Heiner Busch and Matthias Monroy. Translation by Viktoria Langer
The topic of counter-terrorism in Europe remains closely linked to the development and expansion of police (and secret service) databases. This was the case in the 1970s, after 11 September 2001 and has also been the case since 2014, when the EU Member States started working on their action plans against ‚foreign terrorist fighters‘.
The first effect of this debate has been a quantitative one: the amount of data in the relevant databases has increased explosively since 2015. This can be seen by looking in particular at available data on the Europol databases, like ‚Focal Points‘ (formerly: Analytical Work Files) of the Europol analysis system. Since 2015 they have become one of the central instruments of the European Counter Terrorism Centre (ECTC) which was established in January 2016. Counter-terrorism and the inflation of EU databases weiterlesen
The Council of the European Union has published a diagram of all of information systems in the realm of justice and home affairs. This overview includes databases operated by the police, customs and agencies, as well as by Interpol. It also features the agreement between the EU and the USA on exchanging data regarding financial transactions.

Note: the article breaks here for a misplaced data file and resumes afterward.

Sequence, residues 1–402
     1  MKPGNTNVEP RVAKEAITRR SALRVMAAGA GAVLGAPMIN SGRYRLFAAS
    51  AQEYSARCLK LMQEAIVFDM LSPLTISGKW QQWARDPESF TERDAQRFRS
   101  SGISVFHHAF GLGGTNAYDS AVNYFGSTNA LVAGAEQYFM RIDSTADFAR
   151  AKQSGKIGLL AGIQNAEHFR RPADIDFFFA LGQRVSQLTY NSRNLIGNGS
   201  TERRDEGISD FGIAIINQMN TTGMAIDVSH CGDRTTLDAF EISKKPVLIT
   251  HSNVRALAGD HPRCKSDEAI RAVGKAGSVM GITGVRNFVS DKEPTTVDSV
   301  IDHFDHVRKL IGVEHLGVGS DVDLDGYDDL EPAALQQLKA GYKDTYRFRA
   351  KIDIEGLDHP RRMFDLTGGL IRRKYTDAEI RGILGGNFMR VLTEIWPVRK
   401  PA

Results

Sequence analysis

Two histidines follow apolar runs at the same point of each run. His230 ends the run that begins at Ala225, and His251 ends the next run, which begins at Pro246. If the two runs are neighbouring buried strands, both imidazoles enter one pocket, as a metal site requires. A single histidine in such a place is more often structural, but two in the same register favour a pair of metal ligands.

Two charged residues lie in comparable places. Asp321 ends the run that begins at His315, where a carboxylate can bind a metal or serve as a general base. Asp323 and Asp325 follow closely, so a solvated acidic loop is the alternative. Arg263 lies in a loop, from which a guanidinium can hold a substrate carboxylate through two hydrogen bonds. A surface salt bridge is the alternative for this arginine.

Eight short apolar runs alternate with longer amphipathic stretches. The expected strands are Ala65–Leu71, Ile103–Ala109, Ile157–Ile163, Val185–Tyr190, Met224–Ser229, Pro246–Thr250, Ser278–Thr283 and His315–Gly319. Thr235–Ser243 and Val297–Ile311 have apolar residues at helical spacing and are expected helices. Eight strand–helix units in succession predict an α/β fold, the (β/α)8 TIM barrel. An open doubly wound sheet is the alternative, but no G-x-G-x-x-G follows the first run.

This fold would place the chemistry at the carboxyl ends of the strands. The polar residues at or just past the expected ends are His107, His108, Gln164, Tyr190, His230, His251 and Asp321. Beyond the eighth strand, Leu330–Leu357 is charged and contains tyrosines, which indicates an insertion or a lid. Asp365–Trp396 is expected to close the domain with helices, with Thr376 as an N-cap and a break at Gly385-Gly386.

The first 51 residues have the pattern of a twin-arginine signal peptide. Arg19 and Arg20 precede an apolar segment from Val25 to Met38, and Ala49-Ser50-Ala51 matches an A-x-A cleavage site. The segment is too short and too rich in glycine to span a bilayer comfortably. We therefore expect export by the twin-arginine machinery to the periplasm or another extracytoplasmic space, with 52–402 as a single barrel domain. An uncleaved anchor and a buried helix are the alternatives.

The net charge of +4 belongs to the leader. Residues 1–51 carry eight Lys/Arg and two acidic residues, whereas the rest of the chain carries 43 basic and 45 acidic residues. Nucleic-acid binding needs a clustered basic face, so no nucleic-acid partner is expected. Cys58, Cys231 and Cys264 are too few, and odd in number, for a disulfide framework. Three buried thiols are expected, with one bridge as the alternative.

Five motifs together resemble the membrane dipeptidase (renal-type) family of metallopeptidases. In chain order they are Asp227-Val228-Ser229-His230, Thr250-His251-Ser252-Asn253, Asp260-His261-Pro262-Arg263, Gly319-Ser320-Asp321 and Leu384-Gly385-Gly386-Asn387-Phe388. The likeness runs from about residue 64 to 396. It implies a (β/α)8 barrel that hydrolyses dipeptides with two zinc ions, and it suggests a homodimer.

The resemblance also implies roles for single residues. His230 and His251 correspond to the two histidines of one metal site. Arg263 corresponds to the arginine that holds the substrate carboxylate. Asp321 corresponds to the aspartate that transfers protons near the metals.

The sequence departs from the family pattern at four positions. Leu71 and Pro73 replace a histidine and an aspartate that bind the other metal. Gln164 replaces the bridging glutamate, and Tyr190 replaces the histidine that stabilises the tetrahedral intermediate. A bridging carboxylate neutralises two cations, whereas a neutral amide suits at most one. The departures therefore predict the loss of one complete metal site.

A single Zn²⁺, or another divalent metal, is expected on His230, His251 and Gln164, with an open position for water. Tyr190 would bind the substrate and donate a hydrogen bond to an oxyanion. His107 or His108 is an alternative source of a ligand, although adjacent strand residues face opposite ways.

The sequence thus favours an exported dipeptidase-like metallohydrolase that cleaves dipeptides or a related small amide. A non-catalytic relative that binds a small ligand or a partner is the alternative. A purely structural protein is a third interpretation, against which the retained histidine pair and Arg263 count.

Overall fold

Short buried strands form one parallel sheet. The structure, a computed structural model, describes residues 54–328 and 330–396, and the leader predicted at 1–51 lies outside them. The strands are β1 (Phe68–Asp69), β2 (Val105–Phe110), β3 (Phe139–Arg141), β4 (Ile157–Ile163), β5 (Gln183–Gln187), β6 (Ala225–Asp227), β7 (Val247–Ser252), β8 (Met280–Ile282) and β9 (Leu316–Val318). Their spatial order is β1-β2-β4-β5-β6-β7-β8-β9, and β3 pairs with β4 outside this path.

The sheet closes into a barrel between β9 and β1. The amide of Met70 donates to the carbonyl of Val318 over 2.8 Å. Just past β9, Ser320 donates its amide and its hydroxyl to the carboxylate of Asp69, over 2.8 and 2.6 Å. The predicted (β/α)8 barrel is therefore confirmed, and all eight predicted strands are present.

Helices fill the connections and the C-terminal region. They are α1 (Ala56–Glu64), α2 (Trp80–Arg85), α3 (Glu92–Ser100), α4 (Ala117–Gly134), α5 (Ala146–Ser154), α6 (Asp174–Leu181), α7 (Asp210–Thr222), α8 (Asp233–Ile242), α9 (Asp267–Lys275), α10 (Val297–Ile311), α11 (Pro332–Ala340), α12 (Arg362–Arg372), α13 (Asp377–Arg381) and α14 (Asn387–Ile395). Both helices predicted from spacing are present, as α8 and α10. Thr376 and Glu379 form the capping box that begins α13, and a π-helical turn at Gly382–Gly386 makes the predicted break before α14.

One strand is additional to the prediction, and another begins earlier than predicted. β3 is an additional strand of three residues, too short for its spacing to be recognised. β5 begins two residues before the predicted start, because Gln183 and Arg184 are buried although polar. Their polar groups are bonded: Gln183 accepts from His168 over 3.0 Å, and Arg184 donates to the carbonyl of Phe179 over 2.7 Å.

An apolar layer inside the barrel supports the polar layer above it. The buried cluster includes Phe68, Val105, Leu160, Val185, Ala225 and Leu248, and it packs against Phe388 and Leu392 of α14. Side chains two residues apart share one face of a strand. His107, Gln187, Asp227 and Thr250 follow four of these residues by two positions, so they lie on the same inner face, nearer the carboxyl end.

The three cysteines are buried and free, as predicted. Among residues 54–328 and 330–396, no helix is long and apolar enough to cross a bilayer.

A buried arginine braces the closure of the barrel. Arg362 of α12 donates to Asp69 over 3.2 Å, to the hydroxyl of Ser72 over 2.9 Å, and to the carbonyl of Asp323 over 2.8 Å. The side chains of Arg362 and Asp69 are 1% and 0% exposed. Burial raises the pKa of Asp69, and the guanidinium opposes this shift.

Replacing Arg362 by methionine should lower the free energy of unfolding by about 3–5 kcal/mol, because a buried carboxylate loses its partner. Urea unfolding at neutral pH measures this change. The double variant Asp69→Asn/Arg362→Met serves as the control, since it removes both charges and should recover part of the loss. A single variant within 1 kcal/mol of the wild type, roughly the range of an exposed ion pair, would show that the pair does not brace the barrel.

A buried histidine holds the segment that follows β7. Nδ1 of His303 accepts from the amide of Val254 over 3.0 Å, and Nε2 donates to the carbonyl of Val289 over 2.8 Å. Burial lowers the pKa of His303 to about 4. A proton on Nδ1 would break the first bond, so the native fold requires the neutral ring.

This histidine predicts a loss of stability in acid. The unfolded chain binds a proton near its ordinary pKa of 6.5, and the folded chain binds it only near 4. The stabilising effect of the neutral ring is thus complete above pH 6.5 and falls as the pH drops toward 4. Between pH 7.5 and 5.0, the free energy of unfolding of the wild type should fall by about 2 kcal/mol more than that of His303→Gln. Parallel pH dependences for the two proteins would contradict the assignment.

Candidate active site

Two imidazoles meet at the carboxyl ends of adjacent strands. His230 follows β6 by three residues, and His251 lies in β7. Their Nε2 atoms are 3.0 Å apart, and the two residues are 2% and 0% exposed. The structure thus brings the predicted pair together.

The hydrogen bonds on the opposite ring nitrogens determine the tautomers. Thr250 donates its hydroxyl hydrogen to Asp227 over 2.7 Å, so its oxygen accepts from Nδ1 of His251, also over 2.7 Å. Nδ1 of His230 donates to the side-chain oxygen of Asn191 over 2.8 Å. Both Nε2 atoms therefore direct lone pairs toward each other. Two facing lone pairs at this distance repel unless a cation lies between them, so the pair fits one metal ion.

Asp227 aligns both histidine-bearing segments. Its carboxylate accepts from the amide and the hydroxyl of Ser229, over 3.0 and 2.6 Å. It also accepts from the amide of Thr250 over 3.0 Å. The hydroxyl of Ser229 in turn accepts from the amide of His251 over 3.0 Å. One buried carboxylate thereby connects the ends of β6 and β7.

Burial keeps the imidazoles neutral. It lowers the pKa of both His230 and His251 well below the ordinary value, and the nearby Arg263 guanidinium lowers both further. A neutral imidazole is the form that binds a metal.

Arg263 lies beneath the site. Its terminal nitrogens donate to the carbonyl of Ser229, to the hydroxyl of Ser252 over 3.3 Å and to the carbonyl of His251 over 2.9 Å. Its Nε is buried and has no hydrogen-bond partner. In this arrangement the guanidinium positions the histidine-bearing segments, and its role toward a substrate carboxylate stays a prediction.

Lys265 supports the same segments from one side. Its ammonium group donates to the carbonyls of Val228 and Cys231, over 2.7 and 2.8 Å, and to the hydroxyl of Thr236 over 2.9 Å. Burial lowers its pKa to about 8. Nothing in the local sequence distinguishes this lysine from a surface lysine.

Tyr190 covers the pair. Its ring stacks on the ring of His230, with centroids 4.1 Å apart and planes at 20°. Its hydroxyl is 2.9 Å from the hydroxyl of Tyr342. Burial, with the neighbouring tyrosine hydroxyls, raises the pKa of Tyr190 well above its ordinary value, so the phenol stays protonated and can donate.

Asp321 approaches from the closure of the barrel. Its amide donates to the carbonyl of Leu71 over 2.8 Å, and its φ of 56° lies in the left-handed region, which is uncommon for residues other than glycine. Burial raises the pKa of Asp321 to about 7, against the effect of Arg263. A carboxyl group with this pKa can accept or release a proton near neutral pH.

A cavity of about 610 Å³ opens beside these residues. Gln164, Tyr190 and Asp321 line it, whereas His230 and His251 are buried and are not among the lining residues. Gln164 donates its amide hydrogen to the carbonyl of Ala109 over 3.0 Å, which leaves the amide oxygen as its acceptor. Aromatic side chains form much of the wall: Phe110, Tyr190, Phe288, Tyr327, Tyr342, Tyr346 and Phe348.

A new diagram is intended to make it easier for delegations from European Union member states to get to grips with the data landscape in the area of justice and home affairs. This was against the backdrop of the High Level Expert Group on Information Systems and Interoperability launched in the summer of last year, which is tasked with the development of proposals to improve file-sharing. The group is made up of members of the Commission and the member states, as well as external “experts”.
All existing information systems are to be assessed and tested for their usefulness. Uniform formats that are developed by the Bundeskriminalamt (Federal Criminal Police Office) and the police agency Europol are envisaged. A further aim is to improve the quality of the data supplied. A problem that the authorities run up against when dealing with decentralised systems is the fact that the member states often use different software programmes. The Expert Group is working to assess the feasibility of centralising systems in such cases. Pretty complicated: The European data landscape weiterlesen